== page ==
School districts are forming dysphagia management teams that include school nurses, SLPs, occupational therapists, physical therapists, and other school personnel.Some of the activities in which teams engage include interpreting medical records, organizing continuing education, developing educational materials, and writing feeding treatment plans.SLPs' knowledge of communication processes and disorders and language acquisition provides them with the foundation for addressing problems related to literacy.ASHA's Roles and Responsibilities of Speech-Language Pathologists in Schools states that the practice of speech-language pathology includes "comprehension and expression in oral, written, graphic, and manual modalities; language processing; pre-literacy and language-based literacy skills, including phonological awareness." For more information, see the following resources: What is the role of the school-based SLP in serving students with dysphagia?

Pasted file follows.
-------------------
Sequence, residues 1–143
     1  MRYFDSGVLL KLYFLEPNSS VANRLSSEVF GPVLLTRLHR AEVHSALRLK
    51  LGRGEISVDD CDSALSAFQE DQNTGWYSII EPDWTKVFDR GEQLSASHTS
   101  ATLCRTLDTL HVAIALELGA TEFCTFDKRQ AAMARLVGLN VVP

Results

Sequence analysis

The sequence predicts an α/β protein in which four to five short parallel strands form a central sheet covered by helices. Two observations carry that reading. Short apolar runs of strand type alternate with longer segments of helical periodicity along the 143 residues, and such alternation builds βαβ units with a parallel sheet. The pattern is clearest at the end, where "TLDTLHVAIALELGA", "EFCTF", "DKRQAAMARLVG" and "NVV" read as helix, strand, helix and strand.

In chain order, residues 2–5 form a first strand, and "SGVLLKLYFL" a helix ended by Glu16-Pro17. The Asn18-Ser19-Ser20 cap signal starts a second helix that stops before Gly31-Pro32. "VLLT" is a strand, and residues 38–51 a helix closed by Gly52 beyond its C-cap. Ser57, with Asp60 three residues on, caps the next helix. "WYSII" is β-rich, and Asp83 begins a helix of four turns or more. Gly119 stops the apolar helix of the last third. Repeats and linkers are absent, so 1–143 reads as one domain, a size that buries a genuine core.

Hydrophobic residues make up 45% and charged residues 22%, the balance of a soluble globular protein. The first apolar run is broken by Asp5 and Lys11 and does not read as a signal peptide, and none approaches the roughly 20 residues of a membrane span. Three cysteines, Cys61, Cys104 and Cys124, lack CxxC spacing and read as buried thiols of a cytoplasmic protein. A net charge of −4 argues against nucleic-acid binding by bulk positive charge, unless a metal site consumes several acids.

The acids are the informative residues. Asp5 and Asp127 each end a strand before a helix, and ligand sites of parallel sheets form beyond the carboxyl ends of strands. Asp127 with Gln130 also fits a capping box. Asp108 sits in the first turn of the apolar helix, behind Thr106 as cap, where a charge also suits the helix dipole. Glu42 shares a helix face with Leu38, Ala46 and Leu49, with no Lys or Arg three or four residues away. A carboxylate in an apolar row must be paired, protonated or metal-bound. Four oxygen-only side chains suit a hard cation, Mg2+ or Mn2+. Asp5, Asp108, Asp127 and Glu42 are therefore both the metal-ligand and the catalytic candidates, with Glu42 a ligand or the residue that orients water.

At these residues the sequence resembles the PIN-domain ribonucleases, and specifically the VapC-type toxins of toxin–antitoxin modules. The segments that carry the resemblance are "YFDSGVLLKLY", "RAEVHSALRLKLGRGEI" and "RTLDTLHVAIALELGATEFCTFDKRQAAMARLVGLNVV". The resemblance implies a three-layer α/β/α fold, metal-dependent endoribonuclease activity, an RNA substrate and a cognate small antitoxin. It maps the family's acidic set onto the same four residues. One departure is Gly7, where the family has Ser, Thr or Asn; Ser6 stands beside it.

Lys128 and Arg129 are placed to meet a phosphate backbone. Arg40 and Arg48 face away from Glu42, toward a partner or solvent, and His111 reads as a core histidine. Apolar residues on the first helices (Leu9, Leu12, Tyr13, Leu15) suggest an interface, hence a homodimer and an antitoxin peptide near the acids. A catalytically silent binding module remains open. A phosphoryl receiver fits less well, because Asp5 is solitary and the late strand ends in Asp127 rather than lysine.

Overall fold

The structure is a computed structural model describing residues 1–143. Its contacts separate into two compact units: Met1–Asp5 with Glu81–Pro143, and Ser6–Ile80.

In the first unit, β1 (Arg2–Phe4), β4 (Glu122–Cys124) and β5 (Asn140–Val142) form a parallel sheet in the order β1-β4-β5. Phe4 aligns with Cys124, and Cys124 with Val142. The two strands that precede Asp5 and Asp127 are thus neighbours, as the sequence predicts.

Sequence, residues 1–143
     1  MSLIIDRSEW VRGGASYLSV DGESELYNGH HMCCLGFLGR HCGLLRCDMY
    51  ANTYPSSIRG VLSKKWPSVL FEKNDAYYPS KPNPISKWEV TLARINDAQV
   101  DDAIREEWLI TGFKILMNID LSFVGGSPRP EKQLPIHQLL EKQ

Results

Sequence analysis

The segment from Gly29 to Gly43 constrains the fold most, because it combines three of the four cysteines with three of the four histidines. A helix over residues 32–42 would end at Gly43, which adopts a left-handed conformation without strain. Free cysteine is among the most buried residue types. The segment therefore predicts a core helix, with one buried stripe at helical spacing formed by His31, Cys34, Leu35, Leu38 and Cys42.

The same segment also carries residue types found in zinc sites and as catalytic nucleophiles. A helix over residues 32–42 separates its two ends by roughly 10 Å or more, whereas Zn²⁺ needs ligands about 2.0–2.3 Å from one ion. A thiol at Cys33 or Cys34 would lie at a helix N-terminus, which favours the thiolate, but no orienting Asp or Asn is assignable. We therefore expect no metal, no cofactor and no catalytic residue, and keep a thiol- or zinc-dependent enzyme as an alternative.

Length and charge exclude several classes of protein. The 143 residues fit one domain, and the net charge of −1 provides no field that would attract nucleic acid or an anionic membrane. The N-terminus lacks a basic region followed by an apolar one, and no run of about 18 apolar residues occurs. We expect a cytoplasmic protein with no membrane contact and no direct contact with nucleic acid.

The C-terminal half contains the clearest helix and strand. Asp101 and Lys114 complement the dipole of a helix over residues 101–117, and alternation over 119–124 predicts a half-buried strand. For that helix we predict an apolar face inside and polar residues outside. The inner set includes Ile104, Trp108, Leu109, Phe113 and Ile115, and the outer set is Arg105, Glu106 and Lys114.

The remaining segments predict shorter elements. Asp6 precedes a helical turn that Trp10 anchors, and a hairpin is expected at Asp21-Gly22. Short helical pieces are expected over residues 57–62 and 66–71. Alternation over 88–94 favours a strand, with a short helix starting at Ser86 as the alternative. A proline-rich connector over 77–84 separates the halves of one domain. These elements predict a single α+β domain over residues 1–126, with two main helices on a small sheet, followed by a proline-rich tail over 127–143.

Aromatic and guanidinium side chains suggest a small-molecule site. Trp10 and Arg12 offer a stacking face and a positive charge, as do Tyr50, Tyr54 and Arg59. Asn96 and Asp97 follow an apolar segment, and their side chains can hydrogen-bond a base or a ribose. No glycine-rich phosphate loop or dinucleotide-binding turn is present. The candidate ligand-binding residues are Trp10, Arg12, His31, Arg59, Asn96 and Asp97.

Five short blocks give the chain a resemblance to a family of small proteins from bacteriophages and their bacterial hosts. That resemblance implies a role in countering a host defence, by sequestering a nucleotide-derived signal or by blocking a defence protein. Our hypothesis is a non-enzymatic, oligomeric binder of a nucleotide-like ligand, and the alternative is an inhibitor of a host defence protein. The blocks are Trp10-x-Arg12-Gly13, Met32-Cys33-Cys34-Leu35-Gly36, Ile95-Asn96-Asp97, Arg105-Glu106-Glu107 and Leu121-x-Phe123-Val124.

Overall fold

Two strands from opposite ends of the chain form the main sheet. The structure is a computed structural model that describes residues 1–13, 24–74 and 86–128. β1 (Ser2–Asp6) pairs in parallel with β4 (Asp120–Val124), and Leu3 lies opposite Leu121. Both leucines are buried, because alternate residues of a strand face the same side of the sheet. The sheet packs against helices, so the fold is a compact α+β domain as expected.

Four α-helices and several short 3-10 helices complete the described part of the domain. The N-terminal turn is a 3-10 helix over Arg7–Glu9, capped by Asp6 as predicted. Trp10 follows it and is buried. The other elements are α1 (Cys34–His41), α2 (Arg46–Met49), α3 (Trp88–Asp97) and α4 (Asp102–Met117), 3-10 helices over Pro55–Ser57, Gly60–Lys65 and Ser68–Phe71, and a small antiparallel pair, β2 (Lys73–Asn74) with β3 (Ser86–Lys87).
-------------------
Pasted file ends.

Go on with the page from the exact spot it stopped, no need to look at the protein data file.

As noted in the Discussion Section of IDEA 2004 Part B final regulations, students may be eligible for dysphagia services under the disability category of "Other Health Impaired (OHI)." Recent ASHA surveys indicate that 10% of school-based SLPs now provide services to children with dysphagia.
They help students meet the performance standards of a particular school district and state by assuming a range of responsibilities: a) working in partnership with others to meet students' needs, b) providing direction in defining students' roles and responsibilities, and c) ensuring appropriate services to students.
What is the role of the SLP in literacy (reading and writing), and is literacy within the SLP scope of practice?
What is the role of the school-based SLP in serving students who are English language learners (ELLs)?
Children who have problems developing language are at a high risk for difficulty in learning to read and write.